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CBB talk series

The Cognitive Brown Bag (CBB) is a graduate student organized talk series, primarily attended by the faculty, graduate students, and staff from the cognitive labs at Dartmouth College. A list of past CBB talks can be found here.

Hybrid CBB : Fall 2021-Spring 2022

Talks will be held on Mondays from 3:30-4:30pm, in person and on Zoom.

Fall 2021 Speaker(s) Title Abstract
Mon, 10/18 Yong Hoon Chung (Dartmouth College)

Better memory for simple features when embedded in naturalistic objects

Understanding the limits of working memory is critical as it is related to fluid intelligence, academic achievement, and other important abilities. Prior work on visual working memory has predominantly used isolated simple stimuli such as oriented lines or colored squares, and has concluded that working memory capacity -- how much information you can actively maintain -- is fixed and that memory capacity for simple features remains uninfluenced of what contexts they are presented in. However, recent studies have demonstrated that working memory capacity can increase when using more meaningful stimuli. Here we demonstrate that this memory benefit is present even for simple features (i.e. colors) when they are embedded in real-world objects. That is, participants remember a simple color better when it is superimposed on a realistic object relative to an unrecognizable shape. This finding significantly changes how we ordinarily think about memory capacity, as it is not bound by a fixed amount of resources, but rather can flexibly be adjusted depending on the context.

 

Mon, 10/25 Jesse Gomez (Princeton University) Brain development in visual cortex and beyond The development of the human brain is the most protracted of any species. For humans, this makes childhood experience an especially pronounced factor in sculpting the neural hardware that will support essential behaviors in adulthood. Despite its importance, the period of time separating gestation from adulthood still remains a bit of a mystery in human cognitive neuroscience. In this talk I’ll cover a project from our lab that attempts to shed light on how visual experience may sculpt the emergent organization of visual cortex using life-long players of Pokémon as a case study. I’ll also discuss some of our recent efforts in understanding brain development beyond visual cortex, examining for the first time how the human cerebellum develops from childhood to adulthood. We make some surprising observations, overturning the idea that the cerebellum is a homogenous brain structure, showing its various lobules contain distinct tissue environments, and that it undergoes differential structural and functional development across childhood. I’ll discuss these results in the context of Autism Spectrum Disorder and future work planned on understanding atypical brain development.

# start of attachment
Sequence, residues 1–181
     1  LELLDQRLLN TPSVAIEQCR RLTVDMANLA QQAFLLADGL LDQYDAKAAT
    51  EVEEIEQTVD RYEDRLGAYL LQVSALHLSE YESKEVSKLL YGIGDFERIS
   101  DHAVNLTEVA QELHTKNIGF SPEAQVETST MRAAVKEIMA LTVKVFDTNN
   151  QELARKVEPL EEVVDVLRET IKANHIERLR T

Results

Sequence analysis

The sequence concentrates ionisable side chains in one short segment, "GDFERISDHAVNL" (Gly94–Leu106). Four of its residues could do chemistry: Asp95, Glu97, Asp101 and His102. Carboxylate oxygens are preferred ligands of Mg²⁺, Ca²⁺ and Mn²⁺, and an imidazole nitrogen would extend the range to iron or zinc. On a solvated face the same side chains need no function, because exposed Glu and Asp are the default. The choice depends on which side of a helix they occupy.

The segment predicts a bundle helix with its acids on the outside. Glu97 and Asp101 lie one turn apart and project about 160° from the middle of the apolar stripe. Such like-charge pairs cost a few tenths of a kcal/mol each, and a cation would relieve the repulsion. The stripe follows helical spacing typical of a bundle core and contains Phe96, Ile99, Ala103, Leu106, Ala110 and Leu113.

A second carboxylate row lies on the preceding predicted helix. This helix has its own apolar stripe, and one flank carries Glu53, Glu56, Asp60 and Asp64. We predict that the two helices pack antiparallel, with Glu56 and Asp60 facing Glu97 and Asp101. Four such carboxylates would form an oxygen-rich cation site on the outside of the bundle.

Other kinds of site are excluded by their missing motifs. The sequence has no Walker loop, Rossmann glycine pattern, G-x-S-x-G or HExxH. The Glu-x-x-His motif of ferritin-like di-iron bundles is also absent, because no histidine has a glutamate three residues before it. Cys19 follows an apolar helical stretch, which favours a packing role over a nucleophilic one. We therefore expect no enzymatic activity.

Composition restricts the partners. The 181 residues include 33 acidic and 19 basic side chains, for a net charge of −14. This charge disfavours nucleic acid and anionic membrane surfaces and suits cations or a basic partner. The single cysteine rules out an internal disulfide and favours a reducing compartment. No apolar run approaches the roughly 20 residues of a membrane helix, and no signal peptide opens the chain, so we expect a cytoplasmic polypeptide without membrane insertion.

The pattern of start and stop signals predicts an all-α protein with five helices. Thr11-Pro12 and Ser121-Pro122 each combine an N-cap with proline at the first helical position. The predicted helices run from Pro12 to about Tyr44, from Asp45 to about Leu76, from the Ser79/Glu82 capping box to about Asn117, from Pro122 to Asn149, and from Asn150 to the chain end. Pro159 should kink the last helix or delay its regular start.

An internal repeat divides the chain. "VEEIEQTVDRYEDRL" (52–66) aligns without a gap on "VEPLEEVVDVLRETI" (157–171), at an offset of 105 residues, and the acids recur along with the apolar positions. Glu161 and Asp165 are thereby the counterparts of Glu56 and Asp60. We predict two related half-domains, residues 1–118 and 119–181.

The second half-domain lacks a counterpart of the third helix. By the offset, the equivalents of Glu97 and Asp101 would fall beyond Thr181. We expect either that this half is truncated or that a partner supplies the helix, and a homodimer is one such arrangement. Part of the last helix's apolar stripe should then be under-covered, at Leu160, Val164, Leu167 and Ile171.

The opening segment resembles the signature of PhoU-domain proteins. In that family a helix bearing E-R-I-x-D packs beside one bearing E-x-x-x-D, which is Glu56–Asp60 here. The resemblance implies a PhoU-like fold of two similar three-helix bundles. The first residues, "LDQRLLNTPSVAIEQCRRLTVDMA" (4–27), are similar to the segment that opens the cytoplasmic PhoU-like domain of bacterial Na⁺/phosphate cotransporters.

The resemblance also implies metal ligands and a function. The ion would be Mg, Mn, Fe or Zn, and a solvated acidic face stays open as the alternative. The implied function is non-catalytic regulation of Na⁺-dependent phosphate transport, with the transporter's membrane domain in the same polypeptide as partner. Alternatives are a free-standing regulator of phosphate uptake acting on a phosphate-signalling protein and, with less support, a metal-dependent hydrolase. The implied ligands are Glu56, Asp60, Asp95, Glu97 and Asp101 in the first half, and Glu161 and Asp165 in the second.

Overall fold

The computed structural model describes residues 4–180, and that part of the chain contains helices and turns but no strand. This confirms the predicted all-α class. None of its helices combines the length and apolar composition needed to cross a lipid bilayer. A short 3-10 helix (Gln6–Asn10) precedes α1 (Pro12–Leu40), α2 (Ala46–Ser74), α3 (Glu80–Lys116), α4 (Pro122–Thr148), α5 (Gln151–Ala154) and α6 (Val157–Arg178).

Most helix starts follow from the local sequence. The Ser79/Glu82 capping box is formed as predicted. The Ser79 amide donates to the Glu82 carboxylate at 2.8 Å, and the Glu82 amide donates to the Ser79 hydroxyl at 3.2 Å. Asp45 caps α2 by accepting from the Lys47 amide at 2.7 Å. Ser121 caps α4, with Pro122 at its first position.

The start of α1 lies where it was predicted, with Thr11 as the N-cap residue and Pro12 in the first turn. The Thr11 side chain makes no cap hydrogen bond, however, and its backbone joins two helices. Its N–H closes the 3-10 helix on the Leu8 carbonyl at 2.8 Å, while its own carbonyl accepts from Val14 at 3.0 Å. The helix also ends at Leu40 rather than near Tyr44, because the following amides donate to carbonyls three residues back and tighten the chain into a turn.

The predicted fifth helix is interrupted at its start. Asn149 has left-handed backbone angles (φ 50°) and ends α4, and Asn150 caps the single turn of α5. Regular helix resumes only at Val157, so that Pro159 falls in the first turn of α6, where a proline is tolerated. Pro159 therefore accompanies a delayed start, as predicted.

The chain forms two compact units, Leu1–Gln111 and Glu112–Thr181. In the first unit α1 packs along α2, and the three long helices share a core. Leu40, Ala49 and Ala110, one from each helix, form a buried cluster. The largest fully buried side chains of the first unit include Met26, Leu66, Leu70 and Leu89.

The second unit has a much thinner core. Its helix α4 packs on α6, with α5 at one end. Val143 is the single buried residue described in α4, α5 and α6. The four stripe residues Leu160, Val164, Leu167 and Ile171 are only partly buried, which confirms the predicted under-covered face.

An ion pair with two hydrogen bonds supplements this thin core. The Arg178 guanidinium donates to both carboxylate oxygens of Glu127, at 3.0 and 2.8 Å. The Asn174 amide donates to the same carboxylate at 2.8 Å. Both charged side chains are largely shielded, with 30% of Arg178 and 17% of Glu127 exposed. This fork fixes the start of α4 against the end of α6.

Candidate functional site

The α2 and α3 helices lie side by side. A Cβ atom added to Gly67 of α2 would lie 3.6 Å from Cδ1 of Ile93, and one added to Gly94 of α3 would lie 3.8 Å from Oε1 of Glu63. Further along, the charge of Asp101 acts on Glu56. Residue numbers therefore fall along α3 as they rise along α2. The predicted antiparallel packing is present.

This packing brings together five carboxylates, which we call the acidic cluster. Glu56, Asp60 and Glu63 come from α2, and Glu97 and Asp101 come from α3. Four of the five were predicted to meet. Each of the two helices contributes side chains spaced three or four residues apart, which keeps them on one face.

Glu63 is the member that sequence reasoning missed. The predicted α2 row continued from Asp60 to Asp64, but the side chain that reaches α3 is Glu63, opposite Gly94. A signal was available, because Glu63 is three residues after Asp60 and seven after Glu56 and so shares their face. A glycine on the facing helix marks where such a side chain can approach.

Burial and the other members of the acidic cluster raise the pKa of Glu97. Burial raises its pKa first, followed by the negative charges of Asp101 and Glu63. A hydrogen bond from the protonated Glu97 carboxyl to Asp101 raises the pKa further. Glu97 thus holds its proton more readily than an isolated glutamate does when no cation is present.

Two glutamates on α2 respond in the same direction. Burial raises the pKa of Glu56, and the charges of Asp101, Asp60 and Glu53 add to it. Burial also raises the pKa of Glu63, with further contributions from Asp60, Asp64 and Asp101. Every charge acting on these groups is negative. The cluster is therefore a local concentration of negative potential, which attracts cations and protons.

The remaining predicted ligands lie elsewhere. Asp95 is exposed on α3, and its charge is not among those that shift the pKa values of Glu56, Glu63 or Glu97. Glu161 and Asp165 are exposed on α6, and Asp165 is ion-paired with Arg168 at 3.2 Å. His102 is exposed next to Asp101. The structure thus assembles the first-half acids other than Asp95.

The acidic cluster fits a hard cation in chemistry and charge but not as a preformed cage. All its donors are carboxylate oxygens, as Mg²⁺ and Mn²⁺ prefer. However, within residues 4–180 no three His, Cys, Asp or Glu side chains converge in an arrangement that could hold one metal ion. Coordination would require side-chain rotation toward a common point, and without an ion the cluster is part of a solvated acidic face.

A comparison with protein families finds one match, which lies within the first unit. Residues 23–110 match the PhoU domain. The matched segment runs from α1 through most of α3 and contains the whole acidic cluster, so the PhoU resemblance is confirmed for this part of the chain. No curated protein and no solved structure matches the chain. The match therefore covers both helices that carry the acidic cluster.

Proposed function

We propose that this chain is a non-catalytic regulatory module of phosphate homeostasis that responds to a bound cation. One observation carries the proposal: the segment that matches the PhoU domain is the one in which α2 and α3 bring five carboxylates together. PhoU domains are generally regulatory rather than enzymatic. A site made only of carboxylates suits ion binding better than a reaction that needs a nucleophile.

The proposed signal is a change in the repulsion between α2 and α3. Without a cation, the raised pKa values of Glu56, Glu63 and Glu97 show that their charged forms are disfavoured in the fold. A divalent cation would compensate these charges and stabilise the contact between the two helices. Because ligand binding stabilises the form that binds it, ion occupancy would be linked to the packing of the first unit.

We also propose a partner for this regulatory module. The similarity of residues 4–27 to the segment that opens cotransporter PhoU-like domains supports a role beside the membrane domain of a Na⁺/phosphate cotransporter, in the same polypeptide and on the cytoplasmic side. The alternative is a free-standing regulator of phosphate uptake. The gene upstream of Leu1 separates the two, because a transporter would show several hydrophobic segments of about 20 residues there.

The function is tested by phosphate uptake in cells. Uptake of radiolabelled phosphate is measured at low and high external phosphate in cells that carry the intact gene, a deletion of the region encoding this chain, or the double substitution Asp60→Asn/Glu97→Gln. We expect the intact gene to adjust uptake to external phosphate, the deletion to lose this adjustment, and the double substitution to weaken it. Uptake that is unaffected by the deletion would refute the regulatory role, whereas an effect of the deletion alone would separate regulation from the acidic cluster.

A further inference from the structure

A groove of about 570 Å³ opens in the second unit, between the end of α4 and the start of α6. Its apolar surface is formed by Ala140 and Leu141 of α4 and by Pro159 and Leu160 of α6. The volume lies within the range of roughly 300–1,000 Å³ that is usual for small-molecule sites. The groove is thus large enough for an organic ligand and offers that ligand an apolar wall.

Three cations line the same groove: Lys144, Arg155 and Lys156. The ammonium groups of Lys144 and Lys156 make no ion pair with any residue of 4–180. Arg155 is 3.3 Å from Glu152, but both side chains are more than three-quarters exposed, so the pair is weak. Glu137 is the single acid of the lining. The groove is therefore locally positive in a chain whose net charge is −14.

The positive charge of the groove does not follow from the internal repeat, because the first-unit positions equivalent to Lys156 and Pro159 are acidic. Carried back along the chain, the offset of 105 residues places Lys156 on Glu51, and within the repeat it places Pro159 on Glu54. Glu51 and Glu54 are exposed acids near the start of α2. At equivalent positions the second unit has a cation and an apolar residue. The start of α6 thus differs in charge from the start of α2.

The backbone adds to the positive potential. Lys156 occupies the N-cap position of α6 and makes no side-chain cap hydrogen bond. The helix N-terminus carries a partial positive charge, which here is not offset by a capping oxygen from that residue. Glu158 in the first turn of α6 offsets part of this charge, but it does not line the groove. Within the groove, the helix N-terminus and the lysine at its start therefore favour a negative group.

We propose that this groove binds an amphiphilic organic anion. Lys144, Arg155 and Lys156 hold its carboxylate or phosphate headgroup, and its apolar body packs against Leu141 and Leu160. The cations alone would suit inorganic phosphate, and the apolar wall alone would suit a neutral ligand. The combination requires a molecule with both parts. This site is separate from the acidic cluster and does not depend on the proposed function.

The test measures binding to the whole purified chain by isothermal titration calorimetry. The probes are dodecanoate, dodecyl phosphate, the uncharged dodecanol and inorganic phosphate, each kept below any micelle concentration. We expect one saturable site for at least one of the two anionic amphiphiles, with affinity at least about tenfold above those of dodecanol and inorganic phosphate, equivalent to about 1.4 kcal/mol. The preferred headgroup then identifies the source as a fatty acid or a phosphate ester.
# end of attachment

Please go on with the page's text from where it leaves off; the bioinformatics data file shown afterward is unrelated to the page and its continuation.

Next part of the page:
Mon, 11/1 Xinming Xu (Dartmouth College)    
Mon, 11/15 Marvin Maechler (Dartmouth College & Nate Heller (Dartmouth College)    
Mon, 12/6 Stephan Meylan (MIT)    
Winter 2022      
Mon, 1/10 Tom Donoghue (Columbia University)    
Mon, 1/24 Doug Addleman (Dartmouth College)    
Mon, 2/7 Rachel Dennison (Boston University) - virtual talk    
Mon, 2/21 Mijin Kwon (Dartmouth College) & YB Choi (Dartmouth College)    
Mon, 3/7 Angela Radulescu (NYU)    
Mon, 3/14 Heejung Jung (Dartmouth College) & Megan Hillis (Dartmouth College)    
Spring 2022      
Mon, 3/28 Mohsen Rakhshan (Dartmouth College) & Luke Slipski (Dartmouth College)    
Mon, 4/4 Biyu He (NYU)    
Mon, 4/18 Anna Mynick (Dartmouth College) & Caroline Lee (Dartmouth College)    
Mon, 5/2 Kirsten Ziman (Dartmouth College) & Mert Ozkan (Dartmouth College)    
Mon, 5/23 Mary Kieseler (Dartmouth College) & AJ Haskins (Dartmouth College)    
Mon, 6/6 Sharif Saleki (Dartmouth College)